Like Captain Renault in Casablanca, feigning shock that there was gambling at Rick’s club and ordering it closed, President Barack Obama has expressed his outrage at Russian hacking and has now ordered a variety of retaliatory measures. Yet Washington has been long aware of Russian cyberwarfare and the need to counter it. So why now, and to what effect?
To be sure, Russia has employed cyberwarfare and information warfare extensively, not only against the United States but many other countries. Much of this is well-known. Part of Russian hybrid warfare, cyberwar in the past several years has become an increasingly crucial tool of foreign policy in the eyes of Russian leaders. Additionally, cyberwar and information warfare are key parts of the 2013 Gerasimov Doctrine (named after General Valery Gerasimov) that holds that “non-linear war” is the way of the future and that covert tactics are essential since there is no longer a clear line between peace and war.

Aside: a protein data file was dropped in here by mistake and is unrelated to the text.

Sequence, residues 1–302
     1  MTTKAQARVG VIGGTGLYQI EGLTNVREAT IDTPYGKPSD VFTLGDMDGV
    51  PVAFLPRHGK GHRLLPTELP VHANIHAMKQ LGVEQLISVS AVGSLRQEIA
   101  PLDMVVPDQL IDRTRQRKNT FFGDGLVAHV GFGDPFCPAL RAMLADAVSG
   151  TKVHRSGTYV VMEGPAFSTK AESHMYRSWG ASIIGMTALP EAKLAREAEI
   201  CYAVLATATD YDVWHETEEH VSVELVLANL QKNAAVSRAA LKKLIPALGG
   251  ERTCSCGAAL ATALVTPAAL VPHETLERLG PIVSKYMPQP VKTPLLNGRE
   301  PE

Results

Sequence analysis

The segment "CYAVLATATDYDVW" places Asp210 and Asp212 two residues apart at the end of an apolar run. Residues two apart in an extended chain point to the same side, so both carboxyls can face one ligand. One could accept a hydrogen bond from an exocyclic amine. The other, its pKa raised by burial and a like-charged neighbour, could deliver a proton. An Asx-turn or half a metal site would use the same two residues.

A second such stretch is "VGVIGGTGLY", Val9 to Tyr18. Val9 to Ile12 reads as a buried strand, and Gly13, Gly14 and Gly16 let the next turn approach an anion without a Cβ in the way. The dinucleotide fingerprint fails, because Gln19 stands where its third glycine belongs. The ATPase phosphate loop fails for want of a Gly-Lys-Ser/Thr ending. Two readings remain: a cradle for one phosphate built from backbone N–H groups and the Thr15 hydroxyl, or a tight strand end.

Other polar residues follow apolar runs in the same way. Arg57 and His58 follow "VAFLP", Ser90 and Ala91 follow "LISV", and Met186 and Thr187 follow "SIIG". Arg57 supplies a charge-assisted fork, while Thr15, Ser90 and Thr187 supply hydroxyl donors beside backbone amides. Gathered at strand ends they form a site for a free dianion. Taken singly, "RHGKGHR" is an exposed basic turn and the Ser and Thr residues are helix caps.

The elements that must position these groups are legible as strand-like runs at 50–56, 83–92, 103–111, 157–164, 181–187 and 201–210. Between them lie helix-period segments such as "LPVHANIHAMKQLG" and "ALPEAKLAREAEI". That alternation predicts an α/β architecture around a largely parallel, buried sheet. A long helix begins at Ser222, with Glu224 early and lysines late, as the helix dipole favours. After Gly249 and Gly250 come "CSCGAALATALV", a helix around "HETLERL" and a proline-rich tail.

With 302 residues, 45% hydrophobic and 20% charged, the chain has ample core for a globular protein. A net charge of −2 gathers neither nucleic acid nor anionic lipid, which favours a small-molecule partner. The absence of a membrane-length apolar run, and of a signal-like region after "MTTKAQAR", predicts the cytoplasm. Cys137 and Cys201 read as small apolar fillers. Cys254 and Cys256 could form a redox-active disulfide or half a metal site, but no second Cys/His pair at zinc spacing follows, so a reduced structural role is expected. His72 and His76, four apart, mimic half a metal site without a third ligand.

The open secret is that Russia has made extensive efforts to recruit all possible talent, including some with a shady past, to help its cyber efforts. The Ministry of Defence even advertised for coders on VKontakte, the most popular Russian social network.
Further, for years now, the Kremlin has sought to influence elections throughout Europe, so there should have been little surprise they did this in the United States. In fact, the FBI had informed the Democratic National Committee of hacking back in the fall of 2015 and Mr. Obama certainly was apprised about Russian efforts in April, 2016, when Hillary Clinton’s path to victory seemed assured. The Russian hacking consortium, named Fancy Bear, which also targeted the DNC, was known in the U.S., and the group proudly and publicly adopted its moniker.
So why did Mr. Obama wait so long to act?...